Manly Town Hall was lit up red last week to mark World Tuberculosis Day.
For the third year in a row, Manly Town Hall at Belgrave Street, Manly, joined dozens of buildings around Australia, and hundreds around the world, to light up red for World Tuberculosis (TB) Day last Thursday, 24 March.
The global initiative, supported in Australia by advocacy organisation Results Australia, was held in solidarity and remembrance of the 1.5m people who lose their lives to TB around the world every year.
According to NSW Health, tuberculosis (TB) is a disease caused by a bacterial infection, which most commonly affects a person’s lungs and can cause serious illness.
Local resident and advocate Lili Koch was lucky to survive her encounter with TB as a small child in Switzerland more than 70 years ago. Also recently recovered from COVID-19, she marvelled at how resources and expertise have been mobilised to fight the new pandemic.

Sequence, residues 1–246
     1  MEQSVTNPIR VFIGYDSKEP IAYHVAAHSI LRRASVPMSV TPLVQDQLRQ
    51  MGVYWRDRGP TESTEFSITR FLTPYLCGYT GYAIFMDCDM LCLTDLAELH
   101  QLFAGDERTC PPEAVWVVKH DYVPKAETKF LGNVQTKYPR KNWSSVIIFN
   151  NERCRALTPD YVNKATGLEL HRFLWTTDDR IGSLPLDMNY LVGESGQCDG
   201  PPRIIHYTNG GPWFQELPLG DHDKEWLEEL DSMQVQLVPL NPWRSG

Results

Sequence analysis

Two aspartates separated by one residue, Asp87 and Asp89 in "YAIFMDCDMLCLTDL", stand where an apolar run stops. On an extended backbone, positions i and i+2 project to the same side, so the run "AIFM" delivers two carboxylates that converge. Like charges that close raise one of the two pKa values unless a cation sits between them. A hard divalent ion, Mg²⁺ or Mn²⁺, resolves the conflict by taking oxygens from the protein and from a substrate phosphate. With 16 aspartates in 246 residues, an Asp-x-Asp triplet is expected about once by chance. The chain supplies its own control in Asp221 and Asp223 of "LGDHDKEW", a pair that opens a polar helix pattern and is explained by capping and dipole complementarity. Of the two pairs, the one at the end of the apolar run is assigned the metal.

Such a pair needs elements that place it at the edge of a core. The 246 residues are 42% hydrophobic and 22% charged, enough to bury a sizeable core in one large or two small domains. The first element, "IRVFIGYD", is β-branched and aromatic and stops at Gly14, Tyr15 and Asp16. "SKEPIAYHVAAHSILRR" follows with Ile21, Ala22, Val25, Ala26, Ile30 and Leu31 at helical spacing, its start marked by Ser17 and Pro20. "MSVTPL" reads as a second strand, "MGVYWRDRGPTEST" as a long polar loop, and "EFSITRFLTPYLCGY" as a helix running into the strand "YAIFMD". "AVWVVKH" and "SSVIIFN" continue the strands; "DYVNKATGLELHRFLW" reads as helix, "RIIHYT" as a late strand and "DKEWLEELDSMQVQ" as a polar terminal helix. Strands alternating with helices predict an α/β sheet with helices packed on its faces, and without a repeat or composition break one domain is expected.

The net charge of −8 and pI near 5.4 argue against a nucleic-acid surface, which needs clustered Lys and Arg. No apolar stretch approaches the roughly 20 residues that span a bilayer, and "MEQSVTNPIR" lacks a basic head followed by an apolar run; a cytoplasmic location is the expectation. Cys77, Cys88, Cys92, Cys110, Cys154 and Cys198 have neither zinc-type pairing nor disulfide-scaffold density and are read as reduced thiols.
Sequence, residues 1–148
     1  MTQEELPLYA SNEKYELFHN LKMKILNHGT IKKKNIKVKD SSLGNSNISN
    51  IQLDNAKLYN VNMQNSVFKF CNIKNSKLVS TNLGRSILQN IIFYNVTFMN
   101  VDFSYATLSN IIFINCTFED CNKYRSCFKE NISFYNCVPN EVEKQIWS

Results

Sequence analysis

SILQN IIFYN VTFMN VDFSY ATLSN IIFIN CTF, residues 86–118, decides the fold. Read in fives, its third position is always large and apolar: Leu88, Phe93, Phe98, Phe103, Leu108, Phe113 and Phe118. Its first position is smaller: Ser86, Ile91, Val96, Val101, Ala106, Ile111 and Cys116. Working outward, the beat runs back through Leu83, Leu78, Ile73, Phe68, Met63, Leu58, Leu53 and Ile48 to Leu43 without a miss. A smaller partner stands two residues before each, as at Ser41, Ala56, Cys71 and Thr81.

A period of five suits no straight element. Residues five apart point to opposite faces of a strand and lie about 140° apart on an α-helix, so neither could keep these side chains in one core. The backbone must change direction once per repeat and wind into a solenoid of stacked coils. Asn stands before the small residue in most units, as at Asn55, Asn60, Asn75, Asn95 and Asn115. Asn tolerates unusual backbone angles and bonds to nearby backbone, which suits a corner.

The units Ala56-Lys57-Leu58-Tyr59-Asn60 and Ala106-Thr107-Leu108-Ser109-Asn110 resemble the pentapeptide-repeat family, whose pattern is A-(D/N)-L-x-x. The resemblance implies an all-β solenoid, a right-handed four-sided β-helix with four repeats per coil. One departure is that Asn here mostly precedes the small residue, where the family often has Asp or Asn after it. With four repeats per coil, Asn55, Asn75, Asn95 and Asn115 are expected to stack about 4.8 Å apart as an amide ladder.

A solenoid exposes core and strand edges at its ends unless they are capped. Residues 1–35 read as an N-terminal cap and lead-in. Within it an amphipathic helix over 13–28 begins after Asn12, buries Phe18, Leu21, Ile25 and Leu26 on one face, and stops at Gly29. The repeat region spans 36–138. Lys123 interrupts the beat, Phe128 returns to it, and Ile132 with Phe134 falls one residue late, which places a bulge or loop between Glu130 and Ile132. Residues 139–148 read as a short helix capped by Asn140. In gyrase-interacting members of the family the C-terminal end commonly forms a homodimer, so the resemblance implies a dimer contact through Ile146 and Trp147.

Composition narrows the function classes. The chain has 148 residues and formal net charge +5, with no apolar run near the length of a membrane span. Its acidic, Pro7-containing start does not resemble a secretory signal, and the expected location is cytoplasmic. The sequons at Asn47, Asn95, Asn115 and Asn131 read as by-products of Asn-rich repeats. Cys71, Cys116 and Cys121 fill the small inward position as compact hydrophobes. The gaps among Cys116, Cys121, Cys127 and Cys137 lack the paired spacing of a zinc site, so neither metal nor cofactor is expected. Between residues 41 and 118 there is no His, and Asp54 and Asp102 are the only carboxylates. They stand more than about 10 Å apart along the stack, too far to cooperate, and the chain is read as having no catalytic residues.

She noted that there are 25 COVID-19 vaccines currently licensed for use around the world but only one ‘moderately effective’ vaccine for TB, which has been around for centuries and affects millions annually.
“It’s sad to think that years of progress fighting TB have also been eroded by COVID-19 and now TB deaths are increasing for the first time in over a decade,” cautioned Ms Koch.
Ms Koch took the opportunity to express her gratitude to Northern Beaches Council for their continued support, with Mayor Michael Regan attending in a show of solidarity.
“On World TB Day I’m pleased that the Northern Beaches Council took the opportunity to focus on the need to protect everyone from earlier pandemics like TB, that we are yet to defeat,” said Ms Koch.
Ms Koch’s campaign aims to encourage the Australian Government to invest funding to end tuberculosis. This includes strong support for the Global Fund to Fight AIDS, Tuberculosis and Malaria, a public-private partnership which provides 77 percent of international financing for TB research.
Images: Maree Nutt OAM